The US Food and Drug Administration has found a new way to get ketamine up your nose… sort of. Esketamine is a close chemical relative of ket, known as a fast-acting antidepressant as well as an trippy recreational drug.
This week, it’s been approved for use as a nasal spray; marking the first major anti-depression treatment introduced for clinical use since Prozac in 1987.
Johnson & Johnson, as in the baby oil company, will be selling the ketamine-like substance in a nasal spray called Spravato.
Esketamine is said to be up to three times as potent as ketamine, so dosage will be much lower. Unlike regular antidepressants, which are prescribed to boost serotonin, Esketamine works to restore the brain connections that help fight depression by impacting a brain chemical called glutamine.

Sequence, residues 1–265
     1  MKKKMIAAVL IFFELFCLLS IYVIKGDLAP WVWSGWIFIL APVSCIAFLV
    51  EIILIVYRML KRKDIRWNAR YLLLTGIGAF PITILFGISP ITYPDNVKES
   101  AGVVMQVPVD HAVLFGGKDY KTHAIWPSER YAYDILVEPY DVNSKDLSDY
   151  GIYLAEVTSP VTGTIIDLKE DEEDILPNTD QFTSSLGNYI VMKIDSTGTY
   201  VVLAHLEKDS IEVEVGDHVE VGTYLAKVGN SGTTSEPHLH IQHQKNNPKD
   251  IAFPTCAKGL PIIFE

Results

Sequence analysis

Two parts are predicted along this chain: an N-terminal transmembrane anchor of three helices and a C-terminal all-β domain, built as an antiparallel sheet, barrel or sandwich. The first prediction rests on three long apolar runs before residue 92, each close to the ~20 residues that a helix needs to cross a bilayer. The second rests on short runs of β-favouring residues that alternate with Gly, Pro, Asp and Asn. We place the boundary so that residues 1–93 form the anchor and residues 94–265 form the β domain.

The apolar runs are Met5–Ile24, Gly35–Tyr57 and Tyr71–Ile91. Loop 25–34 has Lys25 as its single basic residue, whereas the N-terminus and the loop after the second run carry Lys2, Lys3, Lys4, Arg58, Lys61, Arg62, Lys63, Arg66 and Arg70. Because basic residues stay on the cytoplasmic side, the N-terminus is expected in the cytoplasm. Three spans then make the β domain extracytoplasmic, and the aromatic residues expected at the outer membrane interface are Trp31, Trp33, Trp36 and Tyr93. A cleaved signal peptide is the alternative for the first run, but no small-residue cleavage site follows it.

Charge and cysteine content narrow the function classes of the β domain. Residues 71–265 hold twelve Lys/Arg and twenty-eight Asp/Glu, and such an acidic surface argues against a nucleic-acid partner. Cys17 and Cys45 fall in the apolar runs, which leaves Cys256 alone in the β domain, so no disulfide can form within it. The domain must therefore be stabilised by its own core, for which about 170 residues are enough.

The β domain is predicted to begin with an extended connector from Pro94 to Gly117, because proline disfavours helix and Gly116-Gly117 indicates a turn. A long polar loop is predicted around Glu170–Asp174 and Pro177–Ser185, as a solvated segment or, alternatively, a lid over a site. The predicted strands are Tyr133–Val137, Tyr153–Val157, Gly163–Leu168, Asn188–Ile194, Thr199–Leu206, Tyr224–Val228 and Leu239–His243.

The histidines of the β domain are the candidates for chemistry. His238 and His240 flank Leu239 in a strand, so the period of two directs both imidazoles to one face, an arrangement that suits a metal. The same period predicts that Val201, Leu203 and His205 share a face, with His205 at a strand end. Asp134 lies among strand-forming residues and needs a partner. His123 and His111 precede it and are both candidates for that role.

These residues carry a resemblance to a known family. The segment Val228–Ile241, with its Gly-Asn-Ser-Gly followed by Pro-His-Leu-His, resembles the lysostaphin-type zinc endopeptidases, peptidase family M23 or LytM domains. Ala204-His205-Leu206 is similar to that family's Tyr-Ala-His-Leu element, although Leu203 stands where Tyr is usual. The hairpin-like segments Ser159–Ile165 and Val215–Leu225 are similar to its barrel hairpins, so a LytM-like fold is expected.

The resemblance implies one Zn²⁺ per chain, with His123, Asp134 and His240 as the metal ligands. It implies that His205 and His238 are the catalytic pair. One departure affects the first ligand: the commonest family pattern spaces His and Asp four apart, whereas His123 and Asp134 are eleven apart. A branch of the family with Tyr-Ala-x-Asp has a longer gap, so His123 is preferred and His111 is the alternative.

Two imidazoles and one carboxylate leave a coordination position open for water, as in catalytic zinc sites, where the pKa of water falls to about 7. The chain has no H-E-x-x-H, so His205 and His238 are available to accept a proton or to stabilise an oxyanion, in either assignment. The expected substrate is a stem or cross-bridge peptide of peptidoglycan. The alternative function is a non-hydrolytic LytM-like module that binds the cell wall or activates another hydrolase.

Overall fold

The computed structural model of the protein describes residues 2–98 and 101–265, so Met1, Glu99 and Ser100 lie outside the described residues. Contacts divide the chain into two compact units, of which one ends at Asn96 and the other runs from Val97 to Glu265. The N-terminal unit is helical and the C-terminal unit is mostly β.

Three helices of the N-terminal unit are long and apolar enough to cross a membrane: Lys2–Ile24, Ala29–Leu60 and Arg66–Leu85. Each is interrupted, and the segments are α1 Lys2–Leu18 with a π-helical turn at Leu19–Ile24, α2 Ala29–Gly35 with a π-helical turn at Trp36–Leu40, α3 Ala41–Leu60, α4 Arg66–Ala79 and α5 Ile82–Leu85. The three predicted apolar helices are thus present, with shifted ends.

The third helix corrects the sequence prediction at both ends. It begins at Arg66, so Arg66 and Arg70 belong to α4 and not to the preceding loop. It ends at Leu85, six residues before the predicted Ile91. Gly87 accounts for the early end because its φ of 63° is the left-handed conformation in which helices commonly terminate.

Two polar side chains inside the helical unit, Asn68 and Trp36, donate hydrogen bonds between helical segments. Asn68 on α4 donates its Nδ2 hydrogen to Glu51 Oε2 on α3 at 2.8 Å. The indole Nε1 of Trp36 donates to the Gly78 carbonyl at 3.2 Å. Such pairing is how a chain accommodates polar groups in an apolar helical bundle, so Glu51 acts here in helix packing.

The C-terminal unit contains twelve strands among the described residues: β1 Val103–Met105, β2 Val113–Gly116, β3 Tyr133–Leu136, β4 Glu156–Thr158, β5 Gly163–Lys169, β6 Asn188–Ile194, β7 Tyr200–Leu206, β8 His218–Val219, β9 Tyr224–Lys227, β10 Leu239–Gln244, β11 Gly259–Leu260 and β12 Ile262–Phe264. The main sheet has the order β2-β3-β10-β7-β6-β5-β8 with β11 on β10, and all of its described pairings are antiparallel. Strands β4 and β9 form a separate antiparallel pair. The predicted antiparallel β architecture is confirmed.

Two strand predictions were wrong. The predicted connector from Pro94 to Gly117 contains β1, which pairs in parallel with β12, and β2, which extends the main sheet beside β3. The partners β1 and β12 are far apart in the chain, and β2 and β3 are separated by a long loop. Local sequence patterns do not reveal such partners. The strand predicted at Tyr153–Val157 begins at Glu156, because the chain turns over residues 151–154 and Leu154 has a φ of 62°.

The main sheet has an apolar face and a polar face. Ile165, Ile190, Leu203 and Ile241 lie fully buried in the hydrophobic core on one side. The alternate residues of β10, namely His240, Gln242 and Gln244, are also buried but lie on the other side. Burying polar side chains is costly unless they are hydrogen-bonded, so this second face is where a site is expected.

Unlike its counterparts, which can take weeks to work, Spravato is said to be instantly effective. Columbia University psychiatrist and researcher Dr John Mann described the speed of the drug as being key to depressed patients because they “suffer enormously”.
Given the drug’s potency and potential for substance abuse, it will only be made available to patients who’ve tried at least two other antidepressants, and has to be administered under medical supervision. What’s more, patients will be watched for two hours after taking Esketamine.